The final session of the Bundesrat, which represents Germany's 16 federal states, before the country's national election on September 24 focused in part on traffic laws. And the measure that attracted the most notice was one that will presumably affect the fewest motorists in Germany: a prohibition on driving with significant parts or all of the driver's face covered.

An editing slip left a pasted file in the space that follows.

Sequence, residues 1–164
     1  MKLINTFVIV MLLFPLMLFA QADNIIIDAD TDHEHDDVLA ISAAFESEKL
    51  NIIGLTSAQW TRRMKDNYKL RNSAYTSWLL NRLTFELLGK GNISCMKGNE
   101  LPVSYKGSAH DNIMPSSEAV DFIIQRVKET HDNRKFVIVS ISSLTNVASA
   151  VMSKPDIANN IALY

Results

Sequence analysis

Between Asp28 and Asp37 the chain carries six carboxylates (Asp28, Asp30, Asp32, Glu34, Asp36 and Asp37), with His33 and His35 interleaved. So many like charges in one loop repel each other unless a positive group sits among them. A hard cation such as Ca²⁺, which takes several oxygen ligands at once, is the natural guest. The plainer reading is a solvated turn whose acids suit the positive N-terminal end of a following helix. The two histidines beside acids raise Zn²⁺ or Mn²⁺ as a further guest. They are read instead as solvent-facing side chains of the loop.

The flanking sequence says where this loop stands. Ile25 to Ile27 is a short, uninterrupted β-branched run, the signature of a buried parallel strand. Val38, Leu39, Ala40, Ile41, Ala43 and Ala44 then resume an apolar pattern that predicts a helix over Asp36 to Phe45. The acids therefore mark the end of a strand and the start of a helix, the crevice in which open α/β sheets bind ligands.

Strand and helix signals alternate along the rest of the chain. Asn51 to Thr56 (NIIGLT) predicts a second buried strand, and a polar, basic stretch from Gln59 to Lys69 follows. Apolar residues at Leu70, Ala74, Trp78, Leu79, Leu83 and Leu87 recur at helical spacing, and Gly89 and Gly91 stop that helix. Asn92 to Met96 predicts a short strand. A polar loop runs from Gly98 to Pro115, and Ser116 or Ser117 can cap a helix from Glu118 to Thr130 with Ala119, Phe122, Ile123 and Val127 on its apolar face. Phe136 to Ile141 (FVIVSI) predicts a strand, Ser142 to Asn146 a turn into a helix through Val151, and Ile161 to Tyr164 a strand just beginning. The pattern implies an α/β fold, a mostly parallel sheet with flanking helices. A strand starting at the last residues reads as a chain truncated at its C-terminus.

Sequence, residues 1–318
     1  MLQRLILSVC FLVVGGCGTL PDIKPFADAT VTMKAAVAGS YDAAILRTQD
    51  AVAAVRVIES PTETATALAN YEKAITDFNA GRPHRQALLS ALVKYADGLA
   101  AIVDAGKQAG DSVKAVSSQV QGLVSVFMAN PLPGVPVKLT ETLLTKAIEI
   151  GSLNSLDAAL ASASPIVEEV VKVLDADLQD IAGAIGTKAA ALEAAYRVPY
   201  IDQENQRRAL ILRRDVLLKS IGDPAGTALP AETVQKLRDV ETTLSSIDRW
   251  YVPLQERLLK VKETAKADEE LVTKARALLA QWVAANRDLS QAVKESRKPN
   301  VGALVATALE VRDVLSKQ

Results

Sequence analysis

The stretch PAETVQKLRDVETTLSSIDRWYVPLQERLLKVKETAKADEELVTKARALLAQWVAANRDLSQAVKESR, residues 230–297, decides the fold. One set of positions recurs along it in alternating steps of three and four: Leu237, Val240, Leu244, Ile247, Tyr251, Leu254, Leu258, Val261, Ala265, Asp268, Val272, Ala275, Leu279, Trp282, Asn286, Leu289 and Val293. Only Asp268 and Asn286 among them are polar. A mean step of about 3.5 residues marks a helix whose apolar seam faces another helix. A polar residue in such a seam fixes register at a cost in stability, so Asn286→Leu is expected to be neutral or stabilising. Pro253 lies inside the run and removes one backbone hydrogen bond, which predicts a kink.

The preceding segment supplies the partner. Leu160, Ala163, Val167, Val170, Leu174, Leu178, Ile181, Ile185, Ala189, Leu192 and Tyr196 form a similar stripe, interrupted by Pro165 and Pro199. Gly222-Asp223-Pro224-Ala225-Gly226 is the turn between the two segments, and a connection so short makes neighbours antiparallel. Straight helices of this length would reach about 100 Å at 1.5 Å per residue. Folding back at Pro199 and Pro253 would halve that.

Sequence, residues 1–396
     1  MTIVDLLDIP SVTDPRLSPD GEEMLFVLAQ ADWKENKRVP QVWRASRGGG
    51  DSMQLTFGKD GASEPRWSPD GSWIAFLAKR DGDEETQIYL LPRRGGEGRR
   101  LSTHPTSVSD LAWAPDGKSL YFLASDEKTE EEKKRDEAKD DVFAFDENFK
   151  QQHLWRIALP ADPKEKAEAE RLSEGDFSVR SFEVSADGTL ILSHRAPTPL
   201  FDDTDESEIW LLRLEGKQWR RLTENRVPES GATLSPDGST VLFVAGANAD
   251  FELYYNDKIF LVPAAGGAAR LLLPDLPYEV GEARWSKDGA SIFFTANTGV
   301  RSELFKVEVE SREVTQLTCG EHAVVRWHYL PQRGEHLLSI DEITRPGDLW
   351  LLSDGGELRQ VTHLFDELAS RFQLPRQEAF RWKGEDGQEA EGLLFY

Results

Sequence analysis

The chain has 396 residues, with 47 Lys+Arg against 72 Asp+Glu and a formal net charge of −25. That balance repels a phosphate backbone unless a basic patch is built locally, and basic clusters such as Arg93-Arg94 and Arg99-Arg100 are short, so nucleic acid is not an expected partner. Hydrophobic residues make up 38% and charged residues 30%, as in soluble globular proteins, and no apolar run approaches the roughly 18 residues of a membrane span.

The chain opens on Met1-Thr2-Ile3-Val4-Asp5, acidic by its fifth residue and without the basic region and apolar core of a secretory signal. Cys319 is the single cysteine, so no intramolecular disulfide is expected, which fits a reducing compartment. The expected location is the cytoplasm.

Although interpreted in some quarters as a ban on burqas and naqibs, the new rules apply to any facial covering, including, for instance, carnival masks and face-obscuring hoods. Lawmakers justified the measures by saying it was necessary to "ensure that a driver's identity can be determined," such as by automatic cameras installed to catch speeders. The Bundesrat highlighted this rationale in a tweet announcing the new traffic legislation.

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